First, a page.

Upperclassmen to participate in service at Kino Border Initiative

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By Christopher Mai

Led by football coach Mr. Adam Gonzalez ‘03 and Theology teacher Mr. Jack Krouse, S.J., seniors Julio Alfaro, Edward Garcia, Crystian Rodríguez, Maximiliano Neblina, Jorge Ulloa, Alexander Goodman, Mario Cifuentes and junior Marco Sánchez will begin their five-day trip beginning today to provide humanitarian aid to the Kino Border Initiative (KBI) and to learn about the immigrant experience in attempting to come to America.

The group will travel to Nogales, Ariz., a U.S.-Mexico border town where the Kino Border Initiative is located. The Jesuit organization strives for the development of a humane migration process between the United States and Mexico, with the goal of better understanding the immigrant experience while providing those in critical need with human health services. The group of students will be providing hygiene kits that consist of items such as toothbrushes, toothpaste, soaps, combs, and sanitary wipes to immigrants in need.

Mr. Krouse, who has served at KBI as a part of his Jesuit formation, said that his participation in the program was a wonderful experience to offer a welcoming presence to the migrants who find a safe haven at Kino away from the great dangers they face on their journey toward a better life.

The initiative in making this trip happen has been an inspiration and a testament to the generous spirit of so many Cubs here at Loyola,” Mr. Krouse said. “As with our other community service immersion opportunities, the goal of this trip will be to encounter the living Christ in those we meet and serve on the border, specifically, migrants who have journeyed North in search of safety from violence at home and a better life for their families,” Mr. Krouse said.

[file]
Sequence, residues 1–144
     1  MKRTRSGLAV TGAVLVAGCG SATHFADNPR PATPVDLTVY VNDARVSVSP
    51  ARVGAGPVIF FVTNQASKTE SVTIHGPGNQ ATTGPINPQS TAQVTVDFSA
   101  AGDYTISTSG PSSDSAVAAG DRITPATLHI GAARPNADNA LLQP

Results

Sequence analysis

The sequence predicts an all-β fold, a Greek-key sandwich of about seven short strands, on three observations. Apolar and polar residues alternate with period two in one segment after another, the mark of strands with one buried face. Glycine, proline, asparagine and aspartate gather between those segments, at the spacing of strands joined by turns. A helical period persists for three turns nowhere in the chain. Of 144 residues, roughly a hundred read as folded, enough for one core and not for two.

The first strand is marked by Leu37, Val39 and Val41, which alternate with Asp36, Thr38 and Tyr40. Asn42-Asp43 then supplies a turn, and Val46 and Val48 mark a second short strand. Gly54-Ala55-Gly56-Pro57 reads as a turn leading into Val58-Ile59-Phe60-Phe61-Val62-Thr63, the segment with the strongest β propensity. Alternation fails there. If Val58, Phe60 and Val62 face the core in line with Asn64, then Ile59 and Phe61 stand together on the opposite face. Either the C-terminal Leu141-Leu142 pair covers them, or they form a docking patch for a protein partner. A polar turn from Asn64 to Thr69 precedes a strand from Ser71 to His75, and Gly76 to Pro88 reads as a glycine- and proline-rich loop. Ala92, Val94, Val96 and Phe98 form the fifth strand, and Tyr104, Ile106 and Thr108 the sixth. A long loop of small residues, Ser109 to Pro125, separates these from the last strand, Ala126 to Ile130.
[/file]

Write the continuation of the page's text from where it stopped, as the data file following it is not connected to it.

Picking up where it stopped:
The students participating in the service immersion will be working with the recent immigrants, according to Director of Community Service Mr. Tom Zeko. He stressed the importance of the center as “it [KBI] puts faces on the issue of immigration.”

“There is a combination of listening, seeing, reflecting and sharing during the trip. They’re going to hear many stories about what’s happened to these good folks,” Mr. Zeko said. “The goal is to learn something, to have heart for something, and maybe identify something in the longer view where they can use their resources and influence and access to people to help create a remedy for this [migration].”

Senior Edward Garcia had a penchant for participating in the immersion project. He said, “I wanted to sign up for this trip because I come from a family of migrants, and I want to help people who were put in similar situations such as my family. I believe everyone needs at least the opportunity to have a caring soul for them.”

Junior Marco Sánchez looks ahead to helping those in need and developing a connection with the recently deported people. “To personalize the experience, we look forward to getting up close and personal with the people we will be helping and hearing their story of trying to find a better life,” Sánchez said.

“I’m going to get to meet different people and hear their stories,” Sánchez said. “I know lots of people have had a lot of struggles trying to get to the United States in hopes of having a better life.”

Theology teacher Dr. Jesse Rodriguez commented that the service component of the trip is critical, but he also analyzed the reasons as to why migration takes place and the ways to support immigration reform as well.

Dr. Rodriguez said, “The whole goal is to support the Kino Initiative through humanitarian aid but also to educate [the participants of KBI]on migration patterns, immigration reform, and all those issues that have impacted them.”

He also added, “For any students who join the Kino trip, it’s a chance to gain a better understanding of what migrants go through and, from the perspective of human dignity, to support the immigrant experience.”

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